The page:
A new poll shows that Sen. Ted Cruz (R-TX) is in serious danger of losing his re-election bid to Democrat challenger Rep. Beto O’Rourke (D-TX), who is just three points behind — well within the margin of error.
There could be several reasons that Cruz is in trouble.
In 2016, he infamously declined to endorse Donald Trump at the Republican National Convention after he misread his conservative base, perhaps paying more heed to the “Never Trump” commentariat than actual voters.
Before that, Cruz joined radio host Glenn Beck at the border in 2014 to present teddy bears and soccer balls to the unaccompanied minors who were streaming across, hoping for amnesty. That alienated border hawks without attracting support from amnesty fans.
In addition, Cruz is up against the same problem that Republicans everywhere are facing: liberal voters are highly motivated to avenge Hillary Clinton’s loss in the 2016 presidential election, regardless of how well Trump is doing.
But there is another reason that Cruz is struggling: demographics.
Texas has a large and growing immigrant population. And immigrants tend to vote for Democrats. Some like the offers of expanded government services. Some feel more comfortable with the left’s cosmopolitan outlook. And some, rightly or wrongly, interpret Republican attacks on illegal immigration as hostility to all immigrants.
Moreover, few immigrants to the United States come from countries that share the same ideas of liberty that Americans cherish. Most other countries — even in the “free” world — place a higher emphasis on the community than on the individual.
Even Canada, which shares so much in common with the U.S., enshrines “Peace, Order, and good Government” in its Constitution Act, as opposed to the “Life, Liberty and the pursuit of Happiness” in our Declaration of Independence. Such differences of outlook are even more pronounced in more explicitly socialist, or statist, countries.
The fact is that American liberty is the product of certain specific cultural and historical circumstances. The Puritans who first settled here were religious dissidents whose peculiar version of Protestant Christianity placed unusual emphasis on individual salvation. Their values shaped our early governing institutions, and left an enduring legacy.
Happily, these early values are robust enough to include people from diverse religious and racial backgrounds — when people choose to embrace them.
The massive wave of immigration from the poorer parts of Europe in the late nineteenth and early twentieth centuries greatly enriched the U.S., but at times brought new ideological challenges to classic American values. Disruptive social and political movements like anarchism and communism made their mark, and helped provoke the Immigration Act of 1924, which shut the door to new arrivals — tragically, as it turned out, since it cut off an escape route for millions of Jews during WWII.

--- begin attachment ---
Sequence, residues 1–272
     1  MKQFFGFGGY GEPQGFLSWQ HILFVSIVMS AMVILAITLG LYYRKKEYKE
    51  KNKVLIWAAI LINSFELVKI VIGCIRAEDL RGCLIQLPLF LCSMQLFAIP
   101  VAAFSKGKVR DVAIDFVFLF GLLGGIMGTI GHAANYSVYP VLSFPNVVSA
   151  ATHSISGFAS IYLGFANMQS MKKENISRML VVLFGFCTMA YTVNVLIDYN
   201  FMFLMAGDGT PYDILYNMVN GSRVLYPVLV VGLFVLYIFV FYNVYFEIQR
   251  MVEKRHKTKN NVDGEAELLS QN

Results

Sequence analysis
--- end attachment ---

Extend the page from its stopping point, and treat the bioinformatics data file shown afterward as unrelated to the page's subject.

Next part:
Since the door was opened again in the 1960s, immigration has accelerated, and is happening at an extremely rapid pace — even without illegal immigration.
In addition, the immigration wave has coincided with our own internal “culture war,” in which Americans, often prodded by the left, have been questioning the basic values of our society.
The pace of immigration may limit the pressure immigrants feel to adapt, and our own self-doubt limits Americans’ will to insist on them adapting.
As a result, it is not clear that our uniquely American values are being transmitted — either from one generation to the next, or from established citizens to new arrivals.
The irony is that these values are the reason that the U.S. is so attractive to new immigrants. They are the basis for America’s astonishing prosperity, for our tolerant civic culture, and for our continuing global leadership. And yet many immigrants tend to vote for the political party that is most skeptical about these values.
The phenomenon is familiar to us from domestic migration. Many voters in Democrat-dominated “blue states” are moving to Republican-controlled “red-states,” where taxes are lower and job opportunities are greater. And yet the former blue-state voters tend to retain their old political preferences.
As a result, states like “Live Free or Die” New Hampshire turn “purple,” then blue. They are slowly being transformed by their success into clones of the failing states from which voters are fleeing.
Sen. Cruz may survive Rep. O’Rourke’s challenge. But Democrats are determined to “turn Texas blue,” if not this time, then the next. And they are confident that they will use America’s changing demographics to their advantage, no matter what kind of immigration reforms Washington eventually passes.
Republicans who support amnesty will not be spared the political fate of those who oppose it.
Beyond short-term politics, the question is how to ensure the survival of the American creed.